Robert Starer, Earl Kim: Violin Concertos. Itzhak Perlman, Boston Symphony Orchestra, Seiji Ozawa (April 1983). EMI CDC 7 49328 2 (1988)

Robert Starer, Earl Kim: Violin Concertos. Itzhak Perlman, Boston Symphony Orchestra, Seiji Ozawa. EMI CDC 7 49328 2 (1988) barcode 077774932820




Recorded 27-28 April 1983, Symphony Hall, Boston. The LP was released in 1984.

Compiled in Itzhak Perlman The Complete Warner Recordings, 77 CDs Warner Classics 2564615069 (2015) barcode 825646150694, see listing on for details


Two Perlman commissions and two enjoyable contemporary violin concertos
Originally posted on, 14 February 2014

When I originally wrote this review, in September 2010, I didn’t find a listing for the CD on, although (or maybe: because) it had been published as long ago as 1988, and I had to post it under the entry for the original 1984 vinyl. Returning to it in 2014 I now chance on it. Thanks to whoever created the entry.

Earl Kim’s Violin Concerto (premiered by Perlman in 1979, Zubin Mehta conducting the New York Philharmonic) is one of the most appealing and original recent American violin concertos I’ve heard. From its very first notes its originality and seductiveness strike the ear: it starts with a long (3′) hushed orchestral introduction, a tapestry of violins playing softly in their upper harmonics – so softly that you can hear the traffic at a distance -, an effect appropriately likened by one critic to “the first, dim, auroral stirrings”. The violin enters softly, playing a wistful and brooding theme over soft punctuations of percussion. Then comes (at 4:13) a jagged, pointillistic episode, almost a Webern Klangfarben melody, then (6:25) a scurrying passage that has a coloristic lushness and sweep reminiscent of Britten, or Glass at his best (and really you might be in repetitive music, although not quite – and that very ambiguity is intriguing). The Concerto’s architecture is also quite original, in one continuous movement but in two parts, part one consisting of the introduction, two variations and two “Episodes” (the second being the cadenza), and the second of an Introduction, Episode and Finale (too bad they aren’t cued; but they are relatively easy to locate). That allows Kim to go through a variety of moods and even styles – not eschewing either the big, sentimental melody (14:40) over a hushed, shimmering “wave-like pattern in the strings” , making you think you are in a concerto of one of the Balts, Vasks or Pärt or Kancheli. But the Concerto never feels piecemeal: everything unfolds quite organically. Kim is a master at eliciting strange and fascinating instrumental colors and tunes; he himself describes the passage starting at 7:10 as a “delicate and tender Lento assai, which transforms the expressive content of the opening into a childhood fantasy of enchantment with brief hints of a lullaby”. Ensues the cadenza, which opens with an orchestral introduction in which you hear the horns in the distance belch out what sounds like dog barks. The Concerto has its more angular moments but is quite accessible and tonal, with shimmering colors reminiscent of Del Tredici’s Alice cycle, and it is this very attitude that I enjoyed: the hell with making music modern, let’s just make it beautiful; and the value of Kim’s Concerto is that he has, but unlike so many others, in a way that is very personal and original, not by re-hashing trite romantic gestures trodden and over-trodden by so many others. Kim, born in California of Korean parents in 1920, died in 1998.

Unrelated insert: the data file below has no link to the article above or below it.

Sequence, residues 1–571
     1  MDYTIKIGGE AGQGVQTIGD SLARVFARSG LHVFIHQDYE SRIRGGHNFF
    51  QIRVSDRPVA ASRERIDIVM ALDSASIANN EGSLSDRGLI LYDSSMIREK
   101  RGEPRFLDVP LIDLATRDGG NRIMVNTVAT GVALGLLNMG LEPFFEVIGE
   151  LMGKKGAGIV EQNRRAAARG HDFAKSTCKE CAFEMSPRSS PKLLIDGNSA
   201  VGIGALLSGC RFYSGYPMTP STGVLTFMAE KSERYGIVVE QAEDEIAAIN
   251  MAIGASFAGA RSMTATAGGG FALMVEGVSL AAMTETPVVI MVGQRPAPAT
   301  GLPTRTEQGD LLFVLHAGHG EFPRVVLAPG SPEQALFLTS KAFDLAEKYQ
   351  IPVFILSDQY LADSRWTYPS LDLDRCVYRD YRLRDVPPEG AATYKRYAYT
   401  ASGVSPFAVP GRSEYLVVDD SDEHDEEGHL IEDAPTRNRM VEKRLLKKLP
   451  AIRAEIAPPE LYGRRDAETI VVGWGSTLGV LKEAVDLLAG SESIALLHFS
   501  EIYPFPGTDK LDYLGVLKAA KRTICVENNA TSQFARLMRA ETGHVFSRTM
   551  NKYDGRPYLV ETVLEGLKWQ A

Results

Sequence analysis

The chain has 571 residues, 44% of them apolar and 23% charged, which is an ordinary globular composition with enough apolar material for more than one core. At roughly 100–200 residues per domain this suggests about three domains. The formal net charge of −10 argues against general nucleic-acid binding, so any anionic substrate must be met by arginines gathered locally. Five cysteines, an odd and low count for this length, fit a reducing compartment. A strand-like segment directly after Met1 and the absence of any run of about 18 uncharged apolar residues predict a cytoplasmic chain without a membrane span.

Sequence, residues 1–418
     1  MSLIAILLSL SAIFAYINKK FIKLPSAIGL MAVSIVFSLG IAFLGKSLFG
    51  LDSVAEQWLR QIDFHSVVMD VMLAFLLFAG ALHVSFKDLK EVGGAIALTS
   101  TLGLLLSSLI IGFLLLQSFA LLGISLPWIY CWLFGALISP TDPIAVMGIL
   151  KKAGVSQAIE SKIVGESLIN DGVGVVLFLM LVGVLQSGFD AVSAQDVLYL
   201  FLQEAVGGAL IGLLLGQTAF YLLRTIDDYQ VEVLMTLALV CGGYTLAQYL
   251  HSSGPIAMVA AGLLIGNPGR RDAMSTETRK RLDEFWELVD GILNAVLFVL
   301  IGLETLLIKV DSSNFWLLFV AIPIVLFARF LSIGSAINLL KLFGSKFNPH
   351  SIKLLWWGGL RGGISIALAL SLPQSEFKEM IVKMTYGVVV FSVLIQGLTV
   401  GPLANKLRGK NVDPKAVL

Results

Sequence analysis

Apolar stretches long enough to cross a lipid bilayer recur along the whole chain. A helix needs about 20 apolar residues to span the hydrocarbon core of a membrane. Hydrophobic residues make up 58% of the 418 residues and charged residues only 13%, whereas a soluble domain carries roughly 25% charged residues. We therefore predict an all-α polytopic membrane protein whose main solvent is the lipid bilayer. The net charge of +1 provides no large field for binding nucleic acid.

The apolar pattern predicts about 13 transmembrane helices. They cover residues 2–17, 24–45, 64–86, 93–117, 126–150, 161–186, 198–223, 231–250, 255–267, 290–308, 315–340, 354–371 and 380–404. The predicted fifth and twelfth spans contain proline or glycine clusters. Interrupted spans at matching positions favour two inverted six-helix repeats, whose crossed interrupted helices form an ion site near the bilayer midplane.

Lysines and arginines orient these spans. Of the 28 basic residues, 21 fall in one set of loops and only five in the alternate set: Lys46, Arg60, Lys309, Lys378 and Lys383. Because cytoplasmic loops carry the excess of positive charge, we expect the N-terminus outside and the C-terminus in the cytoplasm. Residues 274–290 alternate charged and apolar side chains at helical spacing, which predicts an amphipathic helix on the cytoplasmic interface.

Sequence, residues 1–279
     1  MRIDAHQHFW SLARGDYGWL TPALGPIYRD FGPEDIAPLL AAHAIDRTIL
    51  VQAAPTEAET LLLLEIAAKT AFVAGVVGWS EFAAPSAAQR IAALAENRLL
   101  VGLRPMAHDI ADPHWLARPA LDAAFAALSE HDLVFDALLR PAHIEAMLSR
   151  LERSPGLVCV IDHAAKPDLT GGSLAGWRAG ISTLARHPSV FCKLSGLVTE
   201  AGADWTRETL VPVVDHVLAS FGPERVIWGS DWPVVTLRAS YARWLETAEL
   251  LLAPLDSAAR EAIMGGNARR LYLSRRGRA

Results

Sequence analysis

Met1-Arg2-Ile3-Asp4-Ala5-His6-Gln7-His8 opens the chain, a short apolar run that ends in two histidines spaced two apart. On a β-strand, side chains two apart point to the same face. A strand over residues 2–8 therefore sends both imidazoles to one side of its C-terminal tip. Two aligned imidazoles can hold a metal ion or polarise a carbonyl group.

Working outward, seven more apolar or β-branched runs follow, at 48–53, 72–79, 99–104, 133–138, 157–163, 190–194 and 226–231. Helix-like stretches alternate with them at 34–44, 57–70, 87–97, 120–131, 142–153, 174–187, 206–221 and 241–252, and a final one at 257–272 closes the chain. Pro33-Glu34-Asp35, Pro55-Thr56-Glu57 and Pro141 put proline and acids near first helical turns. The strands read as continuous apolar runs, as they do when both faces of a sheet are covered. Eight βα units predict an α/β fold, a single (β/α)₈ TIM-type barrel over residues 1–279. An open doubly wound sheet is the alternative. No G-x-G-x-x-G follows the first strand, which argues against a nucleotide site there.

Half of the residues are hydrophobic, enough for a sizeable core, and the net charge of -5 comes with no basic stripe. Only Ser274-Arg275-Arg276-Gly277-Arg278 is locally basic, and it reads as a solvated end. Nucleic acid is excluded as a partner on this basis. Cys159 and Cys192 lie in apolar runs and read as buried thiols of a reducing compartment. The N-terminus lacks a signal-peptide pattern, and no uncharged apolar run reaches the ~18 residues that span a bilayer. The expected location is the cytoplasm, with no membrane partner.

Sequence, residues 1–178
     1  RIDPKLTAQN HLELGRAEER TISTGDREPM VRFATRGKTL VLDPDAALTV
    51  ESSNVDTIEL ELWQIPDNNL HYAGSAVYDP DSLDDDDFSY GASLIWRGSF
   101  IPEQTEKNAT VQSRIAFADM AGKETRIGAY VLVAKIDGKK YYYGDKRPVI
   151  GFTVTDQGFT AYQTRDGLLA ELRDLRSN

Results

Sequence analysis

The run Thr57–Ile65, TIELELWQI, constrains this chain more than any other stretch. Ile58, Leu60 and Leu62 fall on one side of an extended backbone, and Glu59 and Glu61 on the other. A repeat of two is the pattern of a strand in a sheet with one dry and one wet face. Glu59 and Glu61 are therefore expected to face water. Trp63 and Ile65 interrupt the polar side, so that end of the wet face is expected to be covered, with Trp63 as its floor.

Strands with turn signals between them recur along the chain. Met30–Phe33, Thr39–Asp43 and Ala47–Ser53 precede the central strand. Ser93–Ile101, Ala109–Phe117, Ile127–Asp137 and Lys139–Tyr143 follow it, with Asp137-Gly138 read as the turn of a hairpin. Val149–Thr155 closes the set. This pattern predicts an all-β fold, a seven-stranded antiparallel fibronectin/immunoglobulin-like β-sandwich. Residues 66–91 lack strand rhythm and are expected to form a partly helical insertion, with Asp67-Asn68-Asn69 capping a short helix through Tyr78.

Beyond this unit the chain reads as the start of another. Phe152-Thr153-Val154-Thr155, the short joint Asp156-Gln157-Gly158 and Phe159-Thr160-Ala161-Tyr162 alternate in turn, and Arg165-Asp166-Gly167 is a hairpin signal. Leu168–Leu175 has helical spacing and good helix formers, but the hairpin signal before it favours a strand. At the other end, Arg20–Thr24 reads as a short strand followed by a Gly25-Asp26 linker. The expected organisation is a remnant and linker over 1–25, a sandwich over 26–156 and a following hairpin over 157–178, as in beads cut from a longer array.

Both Kim’s and Starer’s Concertos were commissions by Itzhak Perlman and were recorded in April 1983. Premiered in 1981 by the same forces as on this disc, Robert Starer’s Violin Concerto is also quite enjoyable, though less inventive and more predictable than Kim’s, with its dynamic but angular and grim outer movements (the finale interrupted by slower and more whimsical episodes) framing the customary slow movement. But not only are the fast movement very effective and the slow movement quite subtle in its orchestral coloring; the violin line (and sometimes the orchestra) also has a lyrical bent that I wasn’t used of hearing in other Concertos of Starer which I’ve just listened to, his Viola Concerto from 1958 (on Vox’ The American Composer series, “American Concertos”, VoxBox CDX 5158 – link will open new tab to my review) and his Cello Concerto from 1988 (on CRI CD 618, with Concertos of Richard Wernick and Richard Wilson), and it has also nice whimsical twists in the second and third movements – the composer describes them as “glissandos into the same note from above and from below” and says it is a technique from the Near-East, but it could be inspired by Chinese or Korean folk-music just as well). These features make the concerto stand out of the ordinary. Starer died in 2001 at 77.

Not surprisingly, at 44:40 TT is LP length. Short timing notwithstanding, this is an enjoyable disc, and shame on EMI for letting it slip out of its catalog and into oblivion.

Comments are welcome